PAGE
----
The nation’s health care system has been steadily progressing on a path of escalating costs without corresponding improvements in outcomes.
Costs borne by individuals, employers and governments continue to grow exponentially each year. According to the World Health Organization, the United States spends more than 17.9% of its gross domestic product (GDP) annually on health care — the highest such percentage in the world. U.S. health care spending is forecasted to reach 25% of GDP in 2025.
Employer-sponsored health insurance premiums increased 119% from 1999-2008 and could double again by 2020 if these trends continue. Ballooning health care costs continue to put American businesses at a global competitive disadvantage. Care for patients with chronic conditions is driving many of these costs. Approximately 15% of beneficiaries account for more than 75% of Medicaid spending. Almost all have multiple chronic conditions.Transforming the manner in which we manage the care of those individuals presents an opportunity to positively impacting health costs in Missouri and across the country.
Despite America’s high national per capita costs compared to other industrialized countries, our health care system produces health outcomes that lag behind most other industrialized nations.
In Missouri, our challenges are even greater. According to the 2012 America’s Health Rankings, Missouri ranked #42 out of 50 in overall health, down from #40 a year earlier. In Missouri, more than 30% of adults are obese. This is a concern because obesity is a leading cause of preventable death in the U.S., causing an estimated 200,000 deaths annually. It is also a leading risk factor for diabetes, heart disease, stroke, and certain forms of cancer.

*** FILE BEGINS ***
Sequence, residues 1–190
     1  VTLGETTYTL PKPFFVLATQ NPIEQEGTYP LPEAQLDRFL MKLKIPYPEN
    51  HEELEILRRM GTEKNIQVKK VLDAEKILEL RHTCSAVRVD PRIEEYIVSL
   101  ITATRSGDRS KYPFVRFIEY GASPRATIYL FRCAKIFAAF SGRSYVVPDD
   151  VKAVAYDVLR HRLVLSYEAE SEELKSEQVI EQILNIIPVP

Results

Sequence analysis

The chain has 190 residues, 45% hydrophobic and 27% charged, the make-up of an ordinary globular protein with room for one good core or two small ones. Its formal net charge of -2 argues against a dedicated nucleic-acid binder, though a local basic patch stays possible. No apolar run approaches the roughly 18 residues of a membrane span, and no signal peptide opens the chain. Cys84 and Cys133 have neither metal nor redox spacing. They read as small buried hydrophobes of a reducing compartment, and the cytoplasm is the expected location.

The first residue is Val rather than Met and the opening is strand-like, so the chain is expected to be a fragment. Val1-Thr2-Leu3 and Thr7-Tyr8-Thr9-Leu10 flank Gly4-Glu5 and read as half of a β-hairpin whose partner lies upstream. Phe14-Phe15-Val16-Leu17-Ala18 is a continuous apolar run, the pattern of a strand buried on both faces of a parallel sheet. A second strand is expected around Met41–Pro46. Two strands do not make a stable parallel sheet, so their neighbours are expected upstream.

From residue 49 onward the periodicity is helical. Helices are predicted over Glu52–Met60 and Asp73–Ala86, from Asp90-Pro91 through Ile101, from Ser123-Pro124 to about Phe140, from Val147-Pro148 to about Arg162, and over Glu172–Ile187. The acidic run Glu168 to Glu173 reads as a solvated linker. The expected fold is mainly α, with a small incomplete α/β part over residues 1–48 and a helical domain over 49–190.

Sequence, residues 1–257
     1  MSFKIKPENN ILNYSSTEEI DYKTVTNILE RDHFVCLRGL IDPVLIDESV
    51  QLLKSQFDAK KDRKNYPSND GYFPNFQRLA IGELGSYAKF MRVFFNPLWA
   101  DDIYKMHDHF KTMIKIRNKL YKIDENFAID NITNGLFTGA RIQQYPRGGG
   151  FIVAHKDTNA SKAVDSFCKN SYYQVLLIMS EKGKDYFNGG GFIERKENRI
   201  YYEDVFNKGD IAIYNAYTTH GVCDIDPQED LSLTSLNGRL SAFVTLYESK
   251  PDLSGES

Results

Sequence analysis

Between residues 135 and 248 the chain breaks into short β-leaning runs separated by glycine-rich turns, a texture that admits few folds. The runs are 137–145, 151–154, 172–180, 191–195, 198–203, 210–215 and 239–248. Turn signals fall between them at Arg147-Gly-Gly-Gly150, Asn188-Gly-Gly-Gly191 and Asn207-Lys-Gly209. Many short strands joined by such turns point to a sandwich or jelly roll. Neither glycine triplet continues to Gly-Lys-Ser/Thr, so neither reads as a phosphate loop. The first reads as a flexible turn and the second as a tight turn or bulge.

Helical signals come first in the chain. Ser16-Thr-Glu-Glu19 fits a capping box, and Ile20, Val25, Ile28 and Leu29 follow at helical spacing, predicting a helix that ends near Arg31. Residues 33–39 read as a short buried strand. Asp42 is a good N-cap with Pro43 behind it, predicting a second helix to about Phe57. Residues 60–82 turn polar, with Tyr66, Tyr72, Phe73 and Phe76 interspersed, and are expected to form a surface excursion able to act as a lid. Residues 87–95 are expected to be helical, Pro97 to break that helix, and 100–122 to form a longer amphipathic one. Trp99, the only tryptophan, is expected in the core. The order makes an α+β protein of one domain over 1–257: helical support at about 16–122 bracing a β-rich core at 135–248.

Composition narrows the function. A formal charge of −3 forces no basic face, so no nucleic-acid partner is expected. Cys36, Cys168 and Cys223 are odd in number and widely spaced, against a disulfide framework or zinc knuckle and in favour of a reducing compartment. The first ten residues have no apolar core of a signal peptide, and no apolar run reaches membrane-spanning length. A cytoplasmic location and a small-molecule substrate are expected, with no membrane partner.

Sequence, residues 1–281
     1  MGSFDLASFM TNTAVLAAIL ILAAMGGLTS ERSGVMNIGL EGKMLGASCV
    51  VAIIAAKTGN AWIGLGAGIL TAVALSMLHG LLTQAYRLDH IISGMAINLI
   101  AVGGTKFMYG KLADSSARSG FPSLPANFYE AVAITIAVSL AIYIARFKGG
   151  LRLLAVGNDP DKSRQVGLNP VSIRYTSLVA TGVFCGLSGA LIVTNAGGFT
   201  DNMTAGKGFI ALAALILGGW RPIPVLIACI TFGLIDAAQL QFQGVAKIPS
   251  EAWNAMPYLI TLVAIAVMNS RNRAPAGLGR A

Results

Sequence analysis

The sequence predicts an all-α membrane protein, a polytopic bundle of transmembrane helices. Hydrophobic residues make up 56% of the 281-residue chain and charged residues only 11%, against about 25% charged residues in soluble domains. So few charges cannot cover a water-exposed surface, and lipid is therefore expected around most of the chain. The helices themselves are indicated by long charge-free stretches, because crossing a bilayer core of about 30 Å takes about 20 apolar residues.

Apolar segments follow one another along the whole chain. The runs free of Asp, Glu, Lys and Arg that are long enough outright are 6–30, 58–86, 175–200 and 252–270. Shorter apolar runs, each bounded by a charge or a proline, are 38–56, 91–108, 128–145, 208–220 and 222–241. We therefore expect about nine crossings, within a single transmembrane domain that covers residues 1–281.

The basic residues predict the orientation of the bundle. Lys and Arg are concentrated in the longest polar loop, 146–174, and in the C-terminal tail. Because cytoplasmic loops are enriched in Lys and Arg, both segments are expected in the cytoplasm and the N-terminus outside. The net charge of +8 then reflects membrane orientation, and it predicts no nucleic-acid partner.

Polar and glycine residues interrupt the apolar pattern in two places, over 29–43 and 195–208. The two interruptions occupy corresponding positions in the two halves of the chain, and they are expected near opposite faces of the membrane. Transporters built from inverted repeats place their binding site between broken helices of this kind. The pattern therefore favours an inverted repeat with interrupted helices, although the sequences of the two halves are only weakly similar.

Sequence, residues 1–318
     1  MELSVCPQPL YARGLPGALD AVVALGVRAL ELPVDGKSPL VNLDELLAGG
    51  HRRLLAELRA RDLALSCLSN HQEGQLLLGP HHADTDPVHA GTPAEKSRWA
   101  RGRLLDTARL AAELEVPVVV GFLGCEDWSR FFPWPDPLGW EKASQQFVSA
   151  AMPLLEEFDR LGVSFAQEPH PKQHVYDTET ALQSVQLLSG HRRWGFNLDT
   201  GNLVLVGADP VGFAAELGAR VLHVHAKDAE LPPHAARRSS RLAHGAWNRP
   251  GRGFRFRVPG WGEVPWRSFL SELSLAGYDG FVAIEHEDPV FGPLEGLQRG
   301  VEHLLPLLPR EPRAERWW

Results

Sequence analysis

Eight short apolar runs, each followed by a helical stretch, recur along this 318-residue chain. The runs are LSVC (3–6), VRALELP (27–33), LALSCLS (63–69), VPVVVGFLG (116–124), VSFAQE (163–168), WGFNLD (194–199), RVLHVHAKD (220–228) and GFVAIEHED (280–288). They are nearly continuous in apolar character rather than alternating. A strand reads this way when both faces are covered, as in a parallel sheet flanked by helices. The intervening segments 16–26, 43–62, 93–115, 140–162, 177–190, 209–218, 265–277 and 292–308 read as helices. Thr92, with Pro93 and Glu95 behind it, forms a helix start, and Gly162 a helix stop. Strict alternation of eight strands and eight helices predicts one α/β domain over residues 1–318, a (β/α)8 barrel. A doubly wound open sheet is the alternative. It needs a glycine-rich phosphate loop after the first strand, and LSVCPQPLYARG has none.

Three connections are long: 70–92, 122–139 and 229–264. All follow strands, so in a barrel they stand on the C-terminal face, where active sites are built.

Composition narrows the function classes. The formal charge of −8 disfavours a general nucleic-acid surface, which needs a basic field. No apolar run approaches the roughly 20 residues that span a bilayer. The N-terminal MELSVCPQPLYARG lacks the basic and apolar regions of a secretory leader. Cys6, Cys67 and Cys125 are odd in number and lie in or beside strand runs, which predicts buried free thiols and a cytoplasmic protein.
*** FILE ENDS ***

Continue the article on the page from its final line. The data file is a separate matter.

In the past year, the diabetes rate increased to 10.2% from 9.4% of the adult population in Missouri.
The direct medical costs for treating obesity and obesity-related health problems are overwhelming.
In 2008, it was estimated that $147 billion was spent on obesity or obesity-related health issues, up from $78.5 billion in 1998, and as the rate of obesity continues to grow, so will the costs.
To address these challenges, Congress has passed two major pieces of legislation — the Patient Protection and Affordable Care Act (PPACA) and the American Recovery and Reinvestment Act (ARRA, the stimulus).
Together, these laws have laid the foundation for establishing new rules for providers who provide health care services, sponsors who pay for these services, and individuals who consume these services. In the future:
- Providers will be increasingly held accountable for quality and outcomes
- Sponsors will invest in programs and services that promote health and wellness
- Individuals will be more invested and engaged in managing their own health
The Tiger Institute partnership is striving to turn these trends around by innovating how we care for patients with chronic conditions, transforming how we coordinate care between caregivers, and engaging individuals with the tools and incentives to proactively manage their own health. These actions will create value in health care, starting in Missouri, but serving as a model for America.
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